One can hardly disagree with such an assessment, but some discussions about the counter-arguments will perhaps strengthen the book’s general thesis. For example, despite the general peaceful environment in Asia, disputes and tensions have run high. In addition, the Chinese view of US presence in Asia, including its extended nuclear umbrella to its allies, tends to be ambivalent. In principle, China does not oppose US military presence in Asia, and the Chinese government publicly welcomes the constructive role the United States plays in Asia. However, with Japanese foreign policy turning assertive under Prime Minister Shinzo Abe, many Chinese scholars think that the US commitment to Japan based on the bilateral security treaty may have emboldened Tokyo to seek a policy of confrontation with China. The same can be said about Vietnam and the Philippines. China’s policy appears to be more aggressive now, but whether these US allies are taking advantage of America’s “pivot” policy and trying to get the most out of the current disputes with China is an interesting question to explore.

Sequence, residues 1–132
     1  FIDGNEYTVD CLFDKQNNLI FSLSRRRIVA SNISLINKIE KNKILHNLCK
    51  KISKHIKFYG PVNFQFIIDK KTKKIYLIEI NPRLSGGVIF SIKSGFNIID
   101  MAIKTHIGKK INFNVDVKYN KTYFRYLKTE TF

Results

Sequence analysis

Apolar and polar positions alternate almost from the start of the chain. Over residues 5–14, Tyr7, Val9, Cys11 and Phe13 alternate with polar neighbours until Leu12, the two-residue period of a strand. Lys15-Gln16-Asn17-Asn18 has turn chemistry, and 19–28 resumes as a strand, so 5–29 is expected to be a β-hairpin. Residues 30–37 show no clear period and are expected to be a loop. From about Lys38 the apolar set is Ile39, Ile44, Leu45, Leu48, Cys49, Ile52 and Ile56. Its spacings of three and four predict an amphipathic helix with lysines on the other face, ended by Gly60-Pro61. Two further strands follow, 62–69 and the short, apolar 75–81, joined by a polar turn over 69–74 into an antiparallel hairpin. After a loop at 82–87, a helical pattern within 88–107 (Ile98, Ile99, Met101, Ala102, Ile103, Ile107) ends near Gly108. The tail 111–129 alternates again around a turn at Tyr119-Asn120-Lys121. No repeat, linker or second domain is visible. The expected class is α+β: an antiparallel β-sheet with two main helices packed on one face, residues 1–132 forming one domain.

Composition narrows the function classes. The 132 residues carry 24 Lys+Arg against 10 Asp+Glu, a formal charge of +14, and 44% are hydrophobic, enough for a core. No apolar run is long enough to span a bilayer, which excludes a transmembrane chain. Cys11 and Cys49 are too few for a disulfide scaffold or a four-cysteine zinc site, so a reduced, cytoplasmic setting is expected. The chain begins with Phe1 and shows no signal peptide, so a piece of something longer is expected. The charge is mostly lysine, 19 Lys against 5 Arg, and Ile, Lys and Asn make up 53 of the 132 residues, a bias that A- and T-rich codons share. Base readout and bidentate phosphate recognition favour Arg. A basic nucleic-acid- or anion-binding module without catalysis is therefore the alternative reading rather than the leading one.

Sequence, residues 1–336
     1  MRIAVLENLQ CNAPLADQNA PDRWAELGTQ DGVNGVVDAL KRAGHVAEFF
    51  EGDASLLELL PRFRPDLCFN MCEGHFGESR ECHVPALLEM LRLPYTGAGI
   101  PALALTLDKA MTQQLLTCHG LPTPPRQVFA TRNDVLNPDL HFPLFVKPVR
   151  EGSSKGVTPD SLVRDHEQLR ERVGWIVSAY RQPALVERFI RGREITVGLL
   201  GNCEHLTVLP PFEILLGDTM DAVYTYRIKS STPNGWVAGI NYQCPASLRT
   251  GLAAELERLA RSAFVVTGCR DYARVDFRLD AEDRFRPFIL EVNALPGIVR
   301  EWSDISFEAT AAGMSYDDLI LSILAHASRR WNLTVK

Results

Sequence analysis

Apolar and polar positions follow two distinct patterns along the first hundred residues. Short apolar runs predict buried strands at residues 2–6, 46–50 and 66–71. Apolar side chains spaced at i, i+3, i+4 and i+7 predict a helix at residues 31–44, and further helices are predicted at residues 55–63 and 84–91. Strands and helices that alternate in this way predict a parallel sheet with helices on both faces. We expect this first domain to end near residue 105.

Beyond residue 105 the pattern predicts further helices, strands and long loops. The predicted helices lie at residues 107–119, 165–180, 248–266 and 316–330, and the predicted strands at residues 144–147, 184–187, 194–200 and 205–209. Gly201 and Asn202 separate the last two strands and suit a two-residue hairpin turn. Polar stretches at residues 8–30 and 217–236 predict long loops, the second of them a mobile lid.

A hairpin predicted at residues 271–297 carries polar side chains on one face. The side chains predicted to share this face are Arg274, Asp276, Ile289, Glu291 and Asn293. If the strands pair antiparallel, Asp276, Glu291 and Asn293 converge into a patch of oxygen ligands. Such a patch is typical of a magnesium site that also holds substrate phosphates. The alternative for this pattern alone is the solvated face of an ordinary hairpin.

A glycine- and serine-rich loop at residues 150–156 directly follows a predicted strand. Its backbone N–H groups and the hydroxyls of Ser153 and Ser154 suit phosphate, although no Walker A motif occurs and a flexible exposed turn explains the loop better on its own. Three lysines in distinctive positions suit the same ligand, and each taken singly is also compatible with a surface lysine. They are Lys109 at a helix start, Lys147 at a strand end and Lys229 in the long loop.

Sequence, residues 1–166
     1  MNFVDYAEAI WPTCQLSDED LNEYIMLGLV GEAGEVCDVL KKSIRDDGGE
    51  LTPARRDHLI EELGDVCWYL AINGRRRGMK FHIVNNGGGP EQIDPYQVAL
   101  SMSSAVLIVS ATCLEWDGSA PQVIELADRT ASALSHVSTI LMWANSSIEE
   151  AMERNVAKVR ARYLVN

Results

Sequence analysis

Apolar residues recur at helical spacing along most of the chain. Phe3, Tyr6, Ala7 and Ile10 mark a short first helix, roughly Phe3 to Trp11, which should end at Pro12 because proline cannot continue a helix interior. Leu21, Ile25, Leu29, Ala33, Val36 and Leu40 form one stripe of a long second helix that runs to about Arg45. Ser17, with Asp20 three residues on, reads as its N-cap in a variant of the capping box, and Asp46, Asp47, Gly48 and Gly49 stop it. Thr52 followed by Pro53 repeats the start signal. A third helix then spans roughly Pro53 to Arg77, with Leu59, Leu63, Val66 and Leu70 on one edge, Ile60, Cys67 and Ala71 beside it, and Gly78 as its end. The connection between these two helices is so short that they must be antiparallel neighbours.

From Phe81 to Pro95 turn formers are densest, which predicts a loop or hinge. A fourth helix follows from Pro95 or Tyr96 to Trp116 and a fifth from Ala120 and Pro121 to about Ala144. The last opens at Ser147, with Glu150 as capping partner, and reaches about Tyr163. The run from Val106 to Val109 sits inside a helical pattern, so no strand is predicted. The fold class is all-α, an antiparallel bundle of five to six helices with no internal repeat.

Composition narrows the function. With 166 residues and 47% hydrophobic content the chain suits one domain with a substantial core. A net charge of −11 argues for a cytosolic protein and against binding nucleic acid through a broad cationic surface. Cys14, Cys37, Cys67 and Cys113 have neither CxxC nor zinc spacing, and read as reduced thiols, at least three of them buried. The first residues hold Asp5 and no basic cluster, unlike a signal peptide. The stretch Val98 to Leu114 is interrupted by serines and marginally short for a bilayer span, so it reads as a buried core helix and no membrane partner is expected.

An overall theme of the book is that Asian states have become more focused on achieving security through a greater emphasis on nuclear weapons since the end of the Cold War. One wonders whether the book overestimates the role of nuclear weapons in these countries’ strategic thinking and their relations with the United States. The book does not offer clear evidence that these US allies specifically requested nuclear protection in the post-Cold War era. The United States, on the other hand, has not explicitly offered nuclear assistance either in dealing with recent crisis such as the Cheonan sinking in 2010. The author cites an International Crisis Group report saying that some Chinese scholars believe the Obama administration’s reassertion of extended nuclear deterrence in the wake of Cheonan was decisive in restraining North Korea from further aggressiveness (pp. 116-7). It would be helpful if the author could point out who in the Obama administration made such a reassertion and when.